Hi Hiller- when I was younger I loved to draw. I'm an adult now and for some reason when I sit down in front of a piece of paper I don't know what to do. What advice do you have for a grown up who forgot how to draw?
that’s a tricky one. Sitting in front of a blank piece of paper is
probably the most intimidating thing and has always been kind of scary
for me. I’ve come up with a list of things for you to try to make
drawing a bit easier.
A. Work on old paper/materials. End papers from discarded books, craft pads from second hand stores, a notepad from grandma’s junk drawer, a cool piece of wood you find in a dumpster, stuff like that. It takes away the pressure of having to create a perfect thing if the material you’re working on is already flawed or smells weird.
B. Draw a lot. It doesn’t matter if it’s good or bad. Only a small fraction of things I draw end up being shared, maybe every one out of twenty things will be decent. What people don’t see is the heap of not-so-great things I create in the process of making that one thing. If you’re drawing different ideas all the time, and thinking of how to make those ideas better when you’re not drawing, eventually you will get better and the good ideas will come more easily and more frequently.
C. It’s incredibly hard to draw when you are overly prepared to draw. Sitting down with the intent to create a perfect drawing adds a terrible amount of pressure and is the thing that trips so many people up and makes it hard to even start creating in the first place. Draw informally, when you’re watching television or listening to music. Watch a movie and draw a picture of something you hear that would be interesting when taken out of context. Try to not think too much about it. Approach drawing from an angle, not head on, if that makes sense.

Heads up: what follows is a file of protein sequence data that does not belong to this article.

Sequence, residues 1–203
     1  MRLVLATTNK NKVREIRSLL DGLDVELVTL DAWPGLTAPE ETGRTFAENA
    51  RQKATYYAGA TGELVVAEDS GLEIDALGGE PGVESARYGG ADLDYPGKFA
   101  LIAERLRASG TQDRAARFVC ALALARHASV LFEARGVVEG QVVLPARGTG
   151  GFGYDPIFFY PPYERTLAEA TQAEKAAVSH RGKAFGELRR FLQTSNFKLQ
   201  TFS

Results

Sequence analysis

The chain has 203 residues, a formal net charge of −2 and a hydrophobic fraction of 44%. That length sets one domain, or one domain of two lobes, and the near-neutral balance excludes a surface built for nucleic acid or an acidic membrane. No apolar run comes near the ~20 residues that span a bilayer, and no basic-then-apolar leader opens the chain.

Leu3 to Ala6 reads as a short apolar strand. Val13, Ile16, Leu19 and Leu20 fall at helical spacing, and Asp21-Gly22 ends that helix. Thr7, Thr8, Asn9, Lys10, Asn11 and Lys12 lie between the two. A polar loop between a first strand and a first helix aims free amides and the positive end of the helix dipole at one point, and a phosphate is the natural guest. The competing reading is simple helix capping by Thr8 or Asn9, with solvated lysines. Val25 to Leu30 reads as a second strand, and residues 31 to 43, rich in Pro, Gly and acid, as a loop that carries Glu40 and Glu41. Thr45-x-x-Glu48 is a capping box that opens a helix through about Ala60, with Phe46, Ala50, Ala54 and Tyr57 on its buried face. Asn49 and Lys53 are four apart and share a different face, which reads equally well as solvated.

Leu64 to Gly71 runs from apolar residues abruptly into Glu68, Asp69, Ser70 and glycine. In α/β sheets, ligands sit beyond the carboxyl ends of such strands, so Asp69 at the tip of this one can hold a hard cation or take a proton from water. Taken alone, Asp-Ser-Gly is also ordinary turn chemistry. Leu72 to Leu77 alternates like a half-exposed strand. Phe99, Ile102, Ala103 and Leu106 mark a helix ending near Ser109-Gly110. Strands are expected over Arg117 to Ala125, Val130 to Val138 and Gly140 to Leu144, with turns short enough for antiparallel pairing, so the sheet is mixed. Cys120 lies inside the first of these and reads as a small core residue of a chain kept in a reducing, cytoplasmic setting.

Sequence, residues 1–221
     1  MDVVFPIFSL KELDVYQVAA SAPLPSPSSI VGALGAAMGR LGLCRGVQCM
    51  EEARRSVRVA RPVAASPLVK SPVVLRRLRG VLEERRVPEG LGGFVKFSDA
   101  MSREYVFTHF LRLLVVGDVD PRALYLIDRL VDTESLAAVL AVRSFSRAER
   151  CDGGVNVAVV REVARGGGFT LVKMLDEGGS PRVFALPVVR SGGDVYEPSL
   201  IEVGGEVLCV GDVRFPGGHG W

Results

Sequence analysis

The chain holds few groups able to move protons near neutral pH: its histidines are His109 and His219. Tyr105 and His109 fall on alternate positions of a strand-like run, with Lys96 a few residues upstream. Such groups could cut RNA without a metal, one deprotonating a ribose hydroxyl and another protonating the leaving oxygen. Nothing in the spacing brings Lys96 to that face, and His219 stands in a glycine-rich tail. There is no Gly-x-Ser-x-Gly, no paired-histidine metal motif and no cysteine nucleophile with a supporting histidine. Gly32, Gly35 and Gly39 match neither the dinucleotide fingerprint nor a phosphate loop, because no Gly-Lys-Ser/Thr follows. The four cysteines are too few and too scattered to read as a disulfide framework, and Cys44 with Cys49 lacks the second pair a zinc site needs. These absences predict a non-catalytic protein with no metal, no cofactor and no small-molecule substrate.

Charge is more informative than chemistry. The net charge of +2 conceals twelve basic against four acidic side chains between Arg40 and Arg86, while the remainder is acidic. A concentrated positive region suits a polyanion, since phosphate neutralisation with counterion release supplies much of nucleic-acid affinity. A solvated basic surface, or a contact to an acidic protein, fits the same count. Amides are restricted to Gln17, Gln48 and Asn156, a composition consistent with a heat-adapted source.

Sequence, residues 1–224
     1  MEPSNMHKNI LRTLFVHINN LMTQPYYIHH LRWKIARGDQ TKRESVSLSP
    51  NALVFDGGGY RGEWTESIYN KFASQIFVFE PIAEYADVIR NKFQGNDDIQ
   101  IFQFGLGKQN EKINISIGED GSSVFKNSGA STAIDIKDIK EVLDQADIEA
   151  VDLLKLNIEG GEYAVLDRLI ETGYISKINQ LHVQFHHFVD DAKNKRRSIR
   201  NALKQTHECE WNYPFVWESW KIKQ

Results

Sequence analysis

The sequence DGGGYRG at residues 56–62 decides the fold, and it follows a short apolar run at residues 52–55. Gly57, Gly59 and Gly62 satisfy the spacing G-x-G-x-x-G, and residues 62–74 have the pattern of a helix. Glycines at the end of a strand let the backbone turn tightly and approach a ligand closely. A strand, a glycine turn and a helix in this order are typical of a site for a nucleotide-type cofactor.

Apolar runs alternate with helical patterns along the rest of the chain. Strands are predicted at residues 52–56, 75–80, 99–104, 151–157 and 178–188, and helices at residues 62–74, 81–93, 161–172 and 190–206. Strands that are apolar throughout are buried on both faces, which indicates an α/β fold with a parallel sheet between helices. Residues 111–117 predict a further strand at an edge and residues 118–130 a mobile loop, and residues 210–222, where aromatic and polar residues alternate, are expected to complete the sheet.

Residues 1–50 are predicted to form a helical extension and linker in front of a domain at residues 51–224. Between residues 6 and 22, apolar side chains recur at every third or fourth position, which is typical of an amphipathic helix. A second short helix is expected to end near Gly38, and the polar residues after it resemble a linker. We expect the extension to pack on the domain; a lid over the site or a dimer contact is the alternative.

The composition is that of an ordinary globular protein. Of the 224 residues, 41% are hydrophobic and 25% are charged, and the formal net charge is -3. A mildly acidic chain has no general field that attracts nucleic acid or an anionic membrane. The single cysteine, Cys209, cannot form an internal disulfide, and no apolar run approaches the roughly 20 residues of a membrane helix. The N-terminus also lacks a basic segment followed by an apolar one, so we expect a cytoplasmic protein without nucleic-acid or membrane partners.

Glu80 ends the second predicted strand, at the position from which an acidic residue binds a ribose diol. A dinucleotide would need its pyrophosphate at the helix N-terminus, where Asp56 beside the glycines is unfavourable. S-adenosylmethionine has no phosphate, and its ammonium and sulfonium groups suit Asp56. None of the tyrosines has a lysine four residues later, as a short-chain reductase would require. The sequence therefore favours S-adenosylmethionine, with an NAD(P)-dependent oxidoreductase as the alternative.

D. Finding your subject matter can also be difficult and may be what you’re actually talking about here. A few things influence the content of my drawings:
- Inspiration from the world around me.
Other artists’ work, books I read, music, conversations I have while
waiting to buy groceries, things like this.
- My feelings and internal dialogue, what I’m thinking about or am moved by or want to express to others. Daydreams, real dreams, imagined conversations are all good sources for drawing material as they are things that no one else would ever know about unless you expressed them.
- My ability as an artist. I am less of an M. C. Escher and more of a
David Shrigley. You have to find the right spot on the infinitely wide
spectrum of art in which you can create work that you like and you think
is good. I like drawing amorphous shapes and faces and fun things, so
that is where I’m currently situated. Agnes Martin drew lines and dots
and is well known because she was super good at it.
at some point, 1, 2, and 3 will come together and allow you to create
something that you consider great or good or even okay will do
I think those are four good things to think about. The very beginning is the hardest part when it comes to making art, I wish we could all just skip it. Hopefully this will help you, and maybe others, get started again.